Fifty thousand workers at General Motors plants across the USA have been on strike since 15 September, demanding that the company restore the jobs, pay scales and conditions that they enjoyed before the company went bust in 2007.
The federal government came to GM’s assistance in 2009, bailing out the company to the tune of $51bn when it collapsed into bankruptcy, effectively nationalising its debt. Having got back on its feet, GM was sold off in 2013 for $39.7bn – a net loss to the taxpayer of $11.3bn. (Auto industry bailout by Kimberly Amadeo, The Balance, 25 June 2019)
In the wake of the bailout, the car workers’ union, the United Auto Workers, persuaded its members to let GM recruit new permanent workers earning half the pay of workers recruited before 2007, thereby allowing management to sow division in the workforce.
In the following years, GM further diluted this already disunited work force with so-called ‘temporary’ workers, whose worse pay and conditions are even worse. These temps now amount to 7 percent of the workforce.
The workers have been penalised in every direction as a result of their union’s capitulation. Not only have they seen pay, conditions and job security hammered, they also have to pay the taxes that allowed the government to rescue the company in the first place, effectively paying twice over to prop up their employer.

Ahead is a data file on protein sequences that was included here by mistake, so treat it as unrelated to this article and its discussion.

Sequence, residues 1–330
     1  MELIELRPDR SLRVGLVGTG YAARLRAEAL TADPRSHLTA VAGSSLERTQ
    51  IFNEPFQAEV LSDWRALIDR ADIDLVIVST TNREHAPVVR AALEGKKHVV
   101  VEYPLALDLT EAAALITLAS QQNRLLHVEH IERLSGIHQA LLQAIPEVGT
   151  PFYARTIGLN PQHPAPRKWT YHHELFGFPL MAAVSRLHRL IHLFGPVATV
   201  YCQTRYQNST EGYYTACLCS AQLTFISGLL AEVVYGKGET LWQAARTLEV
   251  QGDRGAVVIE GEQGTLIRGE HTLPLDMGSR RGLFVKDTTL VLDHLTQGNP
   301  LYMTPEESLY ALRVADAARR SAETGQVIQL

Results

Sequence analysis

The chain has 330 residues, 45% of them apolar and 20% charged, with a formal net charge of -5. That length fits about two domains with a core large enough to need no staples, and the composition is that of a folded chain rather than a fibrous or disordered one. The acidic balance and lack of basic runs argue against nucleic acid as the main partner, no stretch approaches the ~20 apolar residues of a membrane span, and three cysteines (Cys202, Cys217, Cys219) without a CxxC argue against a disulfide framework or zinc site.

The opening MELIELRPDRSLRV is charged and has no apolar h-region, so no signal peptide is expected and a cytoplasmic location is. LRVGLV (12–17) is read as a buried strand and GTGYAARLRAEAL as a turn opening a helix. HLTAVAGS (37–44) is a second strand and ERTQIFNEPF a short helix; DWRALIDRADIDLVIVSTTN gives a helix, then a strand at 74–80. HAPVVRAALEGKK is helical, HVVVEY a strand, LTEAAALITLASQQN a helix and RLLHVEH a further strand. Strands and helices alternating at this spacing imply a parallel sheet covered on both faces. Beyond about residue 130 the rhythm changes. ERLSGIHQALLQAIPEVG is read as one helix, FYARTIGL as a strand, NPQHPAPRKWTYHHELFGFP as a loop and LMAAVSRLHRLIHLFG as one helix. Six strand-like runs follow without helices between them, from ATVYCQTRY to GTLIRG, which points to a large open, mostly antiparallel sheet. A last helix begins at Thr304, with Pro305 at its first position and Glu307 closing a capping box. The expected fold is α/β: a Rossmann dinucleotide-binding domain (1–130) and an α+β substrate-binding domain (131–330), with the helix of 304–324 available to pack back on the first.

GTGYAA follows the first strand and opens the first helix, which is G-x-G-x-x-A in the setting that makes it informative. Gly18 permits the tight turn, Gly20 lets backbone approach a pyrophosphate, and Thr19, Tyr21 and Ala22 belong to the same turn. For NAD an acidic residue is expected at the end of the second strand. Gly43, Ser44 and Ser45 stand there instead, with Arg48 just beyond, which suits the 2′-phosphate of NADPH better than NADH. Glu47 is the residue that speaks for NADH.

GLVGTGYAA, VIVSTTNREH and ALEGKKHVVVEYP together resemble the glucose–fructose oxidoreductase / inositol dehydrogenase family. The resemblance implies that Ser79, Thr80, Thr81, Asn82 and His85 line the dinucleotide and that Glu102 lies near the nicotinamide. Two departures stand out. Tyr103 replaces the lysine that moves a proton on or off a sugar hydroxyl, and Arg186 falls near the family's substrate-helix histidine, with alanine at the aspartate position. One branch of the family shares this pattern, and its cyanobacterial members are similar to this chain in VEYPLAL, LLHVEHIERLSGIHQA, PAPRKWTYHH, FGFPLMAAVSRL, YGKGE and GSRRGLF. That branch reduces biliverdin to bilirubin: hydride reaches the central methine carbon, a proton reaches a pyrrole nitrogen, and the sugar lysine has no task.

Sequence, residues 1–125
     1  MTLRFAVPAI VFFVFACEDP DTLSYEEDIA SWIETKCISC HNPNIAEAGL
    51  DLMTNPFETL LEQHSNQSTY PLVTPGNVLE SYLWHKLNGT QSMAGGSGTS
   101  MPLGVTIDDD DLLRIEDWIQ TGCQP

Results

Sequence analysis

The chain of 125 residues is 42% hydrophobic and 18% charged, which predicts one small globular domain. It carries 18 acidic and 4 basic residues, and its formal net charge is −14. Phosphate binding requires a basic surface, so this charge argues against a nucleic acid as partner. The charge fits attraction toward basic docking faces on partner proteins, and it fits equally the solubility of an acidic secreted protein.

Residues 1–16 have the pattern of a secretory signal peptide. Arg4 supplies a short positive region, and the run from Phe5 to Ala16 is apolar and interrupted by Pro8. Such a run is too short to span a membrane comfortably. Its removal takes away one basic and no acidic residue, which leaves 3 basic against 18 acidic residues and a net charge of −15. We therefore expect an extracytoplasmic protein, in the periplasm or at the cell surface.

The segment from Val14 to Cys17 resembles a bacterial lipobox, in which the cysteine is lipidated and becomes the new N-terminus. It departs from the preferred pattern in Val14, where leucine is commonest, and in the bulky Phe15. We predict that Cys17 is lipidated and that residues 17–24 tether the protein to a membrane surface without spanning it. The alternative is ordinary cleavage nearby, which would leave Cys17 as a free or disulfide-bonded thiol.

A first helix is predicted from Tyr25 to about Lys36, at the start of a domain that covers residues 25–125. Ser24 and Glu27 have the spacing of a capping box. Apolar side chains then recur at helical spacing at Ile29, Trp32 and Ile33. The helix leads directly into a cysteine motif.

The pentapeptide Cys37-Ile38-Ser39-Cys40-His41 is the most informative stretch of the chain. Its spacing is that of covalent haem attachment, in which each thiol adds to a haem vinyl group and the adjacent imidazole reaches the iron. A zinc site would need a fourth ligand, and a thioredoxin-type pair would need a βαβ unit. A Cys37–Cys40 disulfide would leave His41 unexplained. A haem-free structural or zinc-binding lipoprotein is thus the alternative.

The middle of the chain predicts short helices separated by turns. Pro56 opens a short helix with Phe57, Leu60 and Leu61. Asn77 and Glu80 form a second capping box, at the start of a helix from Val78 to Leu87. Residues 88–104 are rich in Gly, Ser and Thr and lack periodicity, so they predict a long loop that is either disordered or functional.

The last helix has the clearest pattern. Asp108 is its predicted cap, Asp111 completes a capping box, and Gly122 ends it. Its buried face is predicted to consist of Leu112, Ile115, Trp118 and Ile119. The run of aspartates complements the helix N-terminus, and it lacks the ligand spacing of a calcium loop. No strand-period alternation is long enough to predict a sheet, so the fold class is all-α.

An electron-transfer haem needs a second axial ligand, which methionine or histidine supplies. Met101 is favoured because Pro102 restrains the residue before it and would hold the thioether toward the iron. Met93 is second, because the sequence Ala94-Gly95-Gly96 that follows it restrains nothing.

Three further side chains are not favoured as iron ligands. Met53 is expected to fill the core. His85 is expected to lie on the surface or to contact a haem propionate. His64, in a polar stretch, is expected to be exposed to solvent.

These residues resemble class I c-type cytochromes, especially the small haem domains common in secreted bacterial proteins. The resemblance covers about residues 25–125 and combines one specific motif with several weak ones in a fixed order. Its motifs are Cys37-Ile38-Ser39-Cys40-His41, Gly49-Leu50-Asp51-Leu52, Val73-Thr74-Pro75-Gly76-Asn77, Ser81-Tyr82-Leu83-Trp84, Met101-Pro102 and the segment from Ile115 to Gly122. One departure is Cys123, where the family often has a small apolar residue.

Long after the company had returned to profitability – it made $35bn in US sales alone in the last three years – it has continued to make workers redundant and close down plants, shipping off production to Mexico. The flashpoint for the current strike, the first UAW strike since 2007, has been the plan to close down the Detroit-Hamtramck plant.
So far, the strike has lasted a month, and at time of writing the workers are being balloted to determine whether to accept a new offer from GM. The proposed four-year deal appears to include some pay rises and an end to the two-tier pay scales.
It seems that production would continue at Detroit-Hamtramck for the moment, but there is no undertaking to save three other idle plants. Workers should be wary of being taken for a ride again – the last one lasted for ten years. (Union says GM strike won’t end until workers vote on deal by Neal E Boudette, New York Times, 17 October 2019)